Debate continues over future of compulsory-membership employers’ organisations

In summer 2005, the Slovenian social partners were consulted on proposals for a new Law on Collective Agreements (LCA) and a new Law on Chambers of Commerce and Industry (LCCI). The former would allow employers’ associations with compulsory membership to continue to conclude collective agreements for a transitional period of three years. The aim is that the voluntary-membership Slovenian Employers' Association (ZDS) should become strong enough during this transitional period to perform fully its role as an organisation representing employers’ interests in industrial relations, and thus replace completely in this sphere the compulsory-membership Chamber of Commerce and Industry of Slovenia (GZS). However, the draft LCCI appears to make a three-year transitional period impossible. Trade unions fear that, as a result, they will not have collective bargaining partners in future.

On 7 June 2005, the Ministry of the Economy (Ministrstvo za gospodarstvo, MG) made public its guidelines for, and later on the working document of, a draft new Law on Chambers of Commerce and Industry (LCCI) (SI0506302F and SI0212101F), which would make companies’ membership of the Chamber of Commerce and Industry of Slovenia (Gospodarska zbornica Slovenije, GZS) voluntary, rather than compulsory as at present (SI0211102F and SI0508303F).

Subsequently, the Ministry of Labour, Family and Social Affairs (Ministrstvo za delo, druzino in socialne zadeve, MDDSZ) submitted the amended working document for a draft Law on Collective Agreements (LCA) (SI0509301F) to the Economic and Social Council of Slovenia (Ekonomsko socialni svet Slovenije, ESSS), the country's central body for tripartite cooperation (SI0207103F), for discussion at its 134th session held on 17 June 2005. However, both trade union and employers' organisations refused to discuss the working document.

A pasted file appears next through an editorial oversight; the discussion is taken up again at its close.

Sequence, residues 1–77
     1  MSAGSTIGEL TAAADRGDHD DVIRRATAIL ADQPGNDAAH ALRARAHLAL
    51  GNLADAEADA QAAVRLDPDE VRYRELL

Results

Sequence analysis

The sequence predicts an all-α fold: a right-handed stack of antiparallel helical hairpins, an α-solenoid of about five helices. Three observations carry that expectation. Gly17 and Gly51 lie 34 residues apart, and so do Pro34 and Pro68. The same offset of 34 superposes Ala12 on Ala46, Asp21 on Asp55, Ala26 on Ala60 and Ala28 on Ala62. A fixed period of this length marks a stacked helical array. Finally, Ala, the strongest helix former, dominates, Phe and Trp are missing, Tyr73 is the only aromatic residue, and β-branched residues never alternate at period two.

'Incompatibility' between draft laws

The first paragraph of Article 2 (on 'parties') of the working document for the draft LCA states: 'Collective agreements shall be concluded by trade unions or associations of trade unions as a party on the workers’ side and employers or associations of employers as a party on the employers’ side (hereinafter: parties).'

Article 34 (on 'employers’ associations with compulsory membership') of the draft LCA, in the chapter on transitional and final provisions, states: 'Regardless of the provision in the first paragraph of Article 2 of this law, the collective agreements can also be concluded on the employers’ side by the employers’ associations with compulsory membership in the transitional period of three years after the enforcement of this law.' The intention of this transitional period is to prevent an interruption of the collective bargaining process. GZS's strength rests on compulsory membership. In order to make possible the functioning of bargaining during the transitional period of three years, GZS should remain a bargaining partner despite its compulsory membership. During the transitional period, the Slovenian Employers' Association (Zdruzenje delodajalcev Slovenije, ZDS) should become strong enough to take over GZS’s role completely.

However, Article 26 (on 'adjustment of the Chamber of Commerce and Industry of Slovenia') in the chapter on transitional and final provisions of the working document for the draft LCCI stated that, in the six months after the new LCCI comes into force, GZS should convene an extraordinary assembly to vote on the adjustment of GZS to the provisions of the LCCI. If at least a half of all GZS members decided in favour of adjusting GZS to the provisions of the new law, GZS would continue to operate as an 'economic chamber'. If not, GZS should carry out a procedure of liquidation on 31 December 2006 (as an alternative, GZS could continue to operate as an economic chamber with those members that voted for the adjustment of GZS to the provisions of the new law). In this way, the working document for the LCCI would in effect make it impossible to realise the transitional period stipulated by the LCA.